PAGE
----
SILENT VICTORY: The U.S. Submarine War Against Japan, by Clay Blair Jr. This 1975 book is probably the best researched book ever written about the U.S. submarine campaign against the Japanese. The author, a respected journalist and WWII sub vet, has created a monumental 1,071 page record of every submarine action of any significance. It is unbiased, complete, and authoritative. He takes the reader into all levels of the war, from top level sessions in Washington, DC, to moments of terror aboard subs being pounded by depth charges. He also uncovers some of the jealousies and tensions of U.S. Navy admirals and sub commanders. In support of the easy-to-read text are nearly 40 maps, 32 pages of photos, multiple appendices, and an index of more than 2,000 entries. Softcover.
With the content of an authoritative reference and the excitement of a thriller, this history of the U.S. submarine war is one of the most informative and entertaining books written on the Pacific campaign. The author, a respected journalist and World War II submariner himself, is credited with providing a complete and unbiased account of what happened. When published in 1975, it was the first such account to detail controversial aspects of the American campaign, from the torpedo scandal to discrepancies between claimed and confirmed sinkings.
To get to the truth, Clay Blair interviewed scores of skippers, staff officers, and code breakers, and combed thousands of documents and personal papers. In addition, he thoroughly researched the development of the submarine and torpedo from pre-war to post-war times. As a result, he takes the reader into the submarine war at all levels?the highest strategy sessions in Washington, the terrifying moments in subs at the bottom of the ocean waiting out exploding depth charges, the zany efforts of a crew coaxing a chicken to lay an egg. He also exposes the reader to the jealous infighting of admirals vying for power and the problems between cautious older skippers and daring young commanders. Supplementing the text are nearly forty maps showing submarine activity in the context of every important naval engagement in the Pacific, more than thirty pages of photographs, multiple appendixes (including a calendar of submarine war patrols), and an index of over 2,000 entries. This is a work of great scholarship and scope that makes a timeless contribution to the history of World War II.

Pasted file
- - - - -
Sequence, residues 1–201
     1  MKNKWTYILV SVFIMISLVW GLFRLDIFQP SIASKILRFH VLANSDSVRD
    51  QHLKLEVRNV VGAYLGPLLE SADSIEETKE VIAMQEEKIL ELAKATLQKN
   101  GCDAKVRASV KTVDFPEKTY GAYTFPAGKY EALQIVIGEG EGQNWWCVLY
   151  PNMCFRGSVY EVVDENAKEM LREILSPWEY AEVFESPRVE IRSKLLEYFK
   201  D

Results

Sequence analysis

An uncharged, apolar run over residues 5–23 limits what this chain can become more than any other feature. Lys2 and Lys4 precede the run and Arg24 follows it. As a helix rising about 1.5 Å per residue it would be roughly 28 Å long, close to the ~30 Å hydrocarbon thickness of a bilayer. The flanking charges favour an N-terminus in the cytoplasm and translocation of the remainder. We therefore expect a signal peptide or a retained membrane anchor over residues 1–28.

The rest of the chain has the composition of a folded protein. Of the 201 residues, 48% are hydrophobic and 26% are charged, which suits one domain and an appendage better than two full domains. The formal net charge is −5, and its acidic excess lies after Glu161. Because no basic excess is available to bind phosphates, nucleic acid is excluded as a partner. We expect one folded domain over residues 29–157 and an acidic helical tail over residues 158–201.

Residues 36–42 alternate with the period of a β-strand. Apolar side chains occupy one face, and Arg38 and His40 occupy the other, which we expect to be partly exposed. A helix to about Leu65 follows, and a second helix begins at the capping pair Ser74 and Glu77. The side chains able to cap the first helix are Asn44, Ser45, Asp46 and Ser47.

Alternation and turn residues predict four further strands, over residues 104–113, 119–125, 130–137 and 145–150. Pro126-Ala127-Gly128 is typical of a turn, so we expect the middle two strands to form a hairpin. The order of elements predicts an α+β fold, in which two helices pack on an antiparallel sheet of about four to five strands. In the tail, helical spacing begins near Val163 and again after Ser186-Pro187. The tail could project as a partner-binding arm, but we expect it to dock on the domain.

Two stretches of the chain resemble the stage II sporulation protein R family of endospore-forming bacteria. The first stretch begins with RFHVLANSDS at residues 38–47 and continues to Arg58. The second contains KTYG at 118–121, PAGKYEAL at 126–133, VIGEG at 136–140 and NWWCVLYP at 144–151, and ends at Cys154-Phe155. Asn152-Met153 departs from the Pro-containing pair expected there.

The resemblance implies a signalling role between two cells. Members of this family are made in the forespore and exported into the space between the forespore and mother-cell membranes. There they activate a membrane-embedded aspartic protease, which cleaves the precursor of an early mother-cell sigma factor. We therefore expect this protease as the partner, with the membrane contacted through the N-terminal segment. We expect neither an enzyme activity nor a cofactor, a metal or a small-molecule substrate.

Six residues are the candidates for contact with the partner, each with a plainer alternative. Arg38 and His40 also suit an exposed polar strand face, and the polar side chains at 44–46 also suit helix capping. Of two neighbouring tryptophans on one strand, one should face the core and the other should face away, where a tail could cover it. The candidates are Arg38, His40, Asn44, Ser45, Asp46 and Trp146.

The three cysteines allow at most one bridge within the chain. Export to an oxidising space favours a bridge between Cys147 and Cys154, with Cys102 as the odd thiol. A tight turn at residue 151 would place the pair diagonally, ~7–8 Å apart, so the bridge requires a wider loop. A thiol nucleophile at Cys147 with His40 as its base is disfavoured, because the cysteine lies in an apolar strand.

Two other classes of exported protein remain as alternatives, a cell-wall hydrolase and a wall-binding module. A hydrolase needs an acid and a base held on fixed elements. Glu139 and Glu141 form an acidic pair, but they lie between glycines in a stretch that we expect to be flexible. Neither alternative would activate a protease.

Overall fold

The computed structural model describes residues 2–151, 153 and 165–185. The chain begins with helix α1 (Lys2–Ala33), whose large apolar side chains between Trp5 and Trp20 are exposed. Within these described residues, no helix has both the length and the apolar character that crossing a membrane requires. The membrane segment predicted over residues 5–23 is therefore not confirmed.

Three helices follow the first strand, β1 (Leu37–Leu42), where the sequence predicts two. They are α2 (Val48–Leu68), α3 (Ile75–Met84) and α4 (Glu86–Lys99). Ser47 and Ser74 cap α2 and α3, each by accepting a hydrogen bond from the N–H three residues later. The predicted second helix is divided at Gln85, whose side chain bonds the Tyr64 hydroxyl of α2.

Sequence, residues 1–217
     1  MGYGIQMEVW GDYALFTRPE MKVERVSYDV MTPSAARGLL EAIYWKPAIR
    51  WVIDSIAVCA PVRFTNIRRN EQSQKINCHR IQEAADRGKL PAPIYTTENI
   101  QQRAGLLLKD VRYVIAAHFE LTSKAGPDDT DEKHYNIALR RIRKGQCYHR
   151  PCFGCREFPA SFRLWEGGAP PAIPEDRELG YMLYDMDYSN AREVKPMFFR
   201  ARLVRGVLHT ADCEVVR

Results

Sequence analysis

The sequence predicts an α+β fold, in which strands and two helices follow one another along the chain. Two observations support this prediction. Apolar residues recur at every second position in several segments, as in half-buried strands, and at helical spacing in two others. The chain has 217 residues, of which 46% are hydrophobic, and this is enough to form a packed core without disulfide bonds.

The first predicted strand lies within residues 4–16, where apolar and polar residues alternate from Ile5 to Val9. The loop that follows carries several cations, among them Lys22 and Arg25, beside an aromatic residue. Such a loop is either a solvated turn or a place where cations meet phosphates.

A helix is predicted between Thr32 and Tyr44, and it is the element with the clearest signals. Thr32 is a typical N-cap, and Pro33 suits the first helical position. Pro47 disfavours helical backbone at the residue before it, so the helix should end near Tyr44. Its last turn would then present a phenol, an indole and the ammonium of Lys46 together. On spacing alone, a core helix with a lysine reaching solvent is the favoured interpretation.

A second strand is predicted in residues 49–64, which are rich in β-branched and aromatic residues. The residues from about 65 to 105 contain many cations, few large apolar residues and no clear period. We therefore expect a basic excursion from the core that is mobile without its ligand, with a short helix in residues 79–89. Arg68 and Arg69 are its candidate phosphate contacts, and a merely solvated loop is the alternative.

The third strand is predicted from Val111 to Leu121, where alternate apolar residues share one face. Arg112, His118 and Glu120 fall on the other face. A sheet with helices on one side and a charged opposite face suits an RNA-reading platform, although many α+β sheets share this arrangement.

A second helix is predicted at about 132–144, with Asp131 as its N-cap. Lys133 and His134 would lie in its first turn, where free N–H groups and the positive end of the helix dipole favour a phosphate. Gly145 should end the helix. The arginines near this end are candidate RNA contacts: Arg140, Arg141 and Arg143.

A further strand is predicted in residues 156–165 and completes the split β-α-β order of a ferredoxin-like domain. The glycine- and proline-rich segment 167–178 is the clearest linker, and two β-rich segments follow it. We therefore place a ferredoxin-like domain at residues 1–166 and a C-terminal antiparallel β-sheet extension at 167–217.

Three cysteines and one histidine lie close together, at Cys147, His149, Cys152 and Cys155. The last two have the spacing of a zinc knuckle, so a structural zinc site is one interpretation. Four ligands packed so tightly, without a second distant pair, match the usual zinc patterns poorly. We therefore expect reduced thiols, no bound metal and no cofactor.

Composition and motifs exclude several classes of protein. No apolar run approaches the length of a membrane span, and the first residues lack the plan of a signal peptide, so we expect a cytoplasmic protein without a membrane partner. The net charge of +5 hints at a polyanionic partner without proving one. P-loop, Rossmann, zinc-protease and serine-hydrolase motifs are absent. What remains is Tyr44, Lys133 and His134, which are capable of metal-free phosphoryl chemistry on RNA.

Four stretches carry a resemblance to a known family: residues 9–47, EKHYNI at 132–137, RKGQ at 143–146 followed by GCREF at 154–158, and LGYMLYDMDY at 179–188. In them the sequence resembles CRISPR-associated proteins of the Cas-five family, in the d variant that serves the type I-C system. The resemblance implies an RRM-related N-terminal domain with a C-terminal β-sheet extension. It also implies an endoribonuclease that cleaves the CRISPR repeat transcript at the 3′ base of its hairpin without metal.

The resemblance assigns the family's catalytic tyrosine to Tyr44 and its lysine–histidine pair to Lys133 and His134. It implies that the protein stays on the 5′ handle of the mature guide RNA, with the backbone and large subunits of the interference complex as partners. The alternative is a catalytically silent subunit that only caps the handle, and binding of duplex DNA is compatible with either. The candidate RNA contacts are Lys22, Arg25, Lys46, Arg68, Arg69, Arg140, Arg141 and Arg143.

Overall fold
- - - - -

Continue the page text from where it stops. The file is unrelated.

Clay Blair saw service on the fleet submarine Guardfish in World War II and later wrote for Time and Life magazines before becoming editor-in-chief of The Saturday Evening Post. The author of several other popular books on submarines, he died in 1998.
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